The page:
Sunday, 27 January 2013

Playwright David Mamet's brilliant contribution to the gun-control debate

David Mamet
Like everyone else, I’ve been reading an awful lot of articles about gun control recently. Whenever the subject has cropped up on TV, I’ve tended to switch over, because most of the coverage in the UK has consisted of liberals using the issue to attack every American who didn’t vote for Barack Obama, while simultaneously using Britain’s comparative lack of gun murders as the excuse for a liberal smug-fest. (I can handle this sort of self-righteous guff when it's written down, but the sound of liberals being morally superior tends to set my teeth on edge.)

Apart from featuring the odious Piers Morgan letting his country down by behaving like a nasty, gobby, ill-mannered oik on his CNN show (here), and the terrifying but wonderful Judge Jeanine Piero ripping a left-wing website a new one for (bizarrely)  publishing the addresses of registered gun-owners (here), I’ve generally kept away from the subject. It strikes me as presumptuous of someone who lives in a country with low gun ownership, where there is no right to bear arms, and where gun homicide is relatively rare to lecture Americans on how they should organise their affairs. I'm delighted gun crime is rare here - but I'm also aware that the absence of a fear of guns might account for the appallingly high levels of non-gun crime in the UK: one suspects that rapists, burglars, muggers and thugs intent on beating up innocent passers-by might reconsider their options if they had to factor in the possibility of getting their stupid heads blown off.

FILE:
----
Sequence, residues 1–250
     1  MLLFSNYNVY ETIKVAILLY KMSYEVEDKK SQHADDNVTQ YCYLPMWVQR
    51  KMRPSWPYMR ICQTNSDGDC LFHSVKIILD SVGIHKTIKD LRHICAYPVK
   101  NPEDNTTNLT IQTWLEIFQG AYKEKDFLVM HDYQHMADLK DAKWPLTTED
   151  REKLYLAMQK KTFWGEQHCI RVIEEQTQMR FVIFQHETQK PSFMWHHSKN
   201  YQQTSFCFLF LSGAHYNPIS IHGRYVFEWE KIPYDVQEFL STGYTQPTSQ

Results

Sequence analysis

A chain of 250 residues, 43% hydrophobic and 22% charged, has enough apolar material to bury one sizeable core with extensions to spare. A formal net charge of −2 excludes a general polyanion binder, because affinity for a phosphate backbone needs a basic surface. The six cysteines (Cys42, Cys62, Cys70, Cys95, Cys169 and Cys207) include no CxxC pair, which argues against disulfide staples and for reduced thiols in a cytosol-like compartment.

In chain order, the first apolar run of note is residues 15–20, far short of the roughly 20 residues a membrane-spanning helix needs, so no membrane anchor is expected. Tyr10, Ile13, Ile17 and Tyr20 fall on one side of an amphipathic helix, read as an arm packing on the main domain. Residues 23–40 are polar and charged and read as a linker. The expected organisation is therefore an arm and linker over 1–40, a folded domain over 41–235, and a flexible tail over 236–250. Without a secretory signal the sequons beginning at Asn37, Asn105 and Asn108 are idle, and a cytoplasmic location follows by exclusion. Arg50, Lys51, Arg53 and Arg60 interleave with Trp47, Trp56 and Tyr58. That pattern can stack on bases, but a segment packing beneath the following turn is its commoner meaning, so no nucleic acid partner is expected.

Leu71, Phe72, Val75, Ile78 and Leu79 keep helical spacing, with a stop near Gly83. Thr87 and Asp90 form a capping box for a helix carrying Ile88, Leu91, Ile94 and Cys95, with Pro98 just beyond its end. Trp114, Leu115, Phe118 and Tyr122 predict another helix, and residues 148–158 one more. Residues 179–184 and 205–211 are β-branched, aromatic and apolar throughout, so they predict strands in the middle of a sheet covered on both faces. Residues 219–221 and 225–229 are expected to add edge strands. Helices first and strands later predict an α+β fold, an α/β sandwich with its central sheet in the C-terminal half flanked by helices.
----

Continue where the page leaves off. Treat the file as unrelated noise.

But any sympathy one might have entertained for gun-control fanatics has evaporated in the face of their conscienceless employment of dead children and grief-stricken parents for purposes of moral blackmail. (President Obama’s performance on this score has been particularly sickening.) Jim Goad, writing in Taki’s Magazine, made the point well:
"With the interminable recent voodoo jibber-jabber about gun rights, gun violence, saving the children, saving the children from guns, helping us save the children from guns by voluntarily turning in all our guns, snitching on other gun owners who aren’t willing to help the children by surrendering their guns, and the inevitable and final “empowerment” of the “people” as their last gun is taken away from their hands and placed in the warm bosom of the federal government, the blowtorch of media outrage seems selectively focused at the NRA types, who are presumably rural crackers, which means it’s OK to hate and mock them without feeling guilty.” 
You can read the full version of Goad's article here, and fellow-blogger and regular commenter e.f. bartlam is also interesting on the gadarene rush by Northern liberals to blame the gun culture of the South for the deaths of children in Connecticut (you can read his post - "How Do You Stop Random Shooting Up North" - here).

The best-argued case that I’ve read in recent weeks for not allowing the US government to take away law-abiding citizens’ right to own guns was produced by the distinguished playwright, screenwriter, poet, essayist and commentator, David Mamet, writing in Newsweek.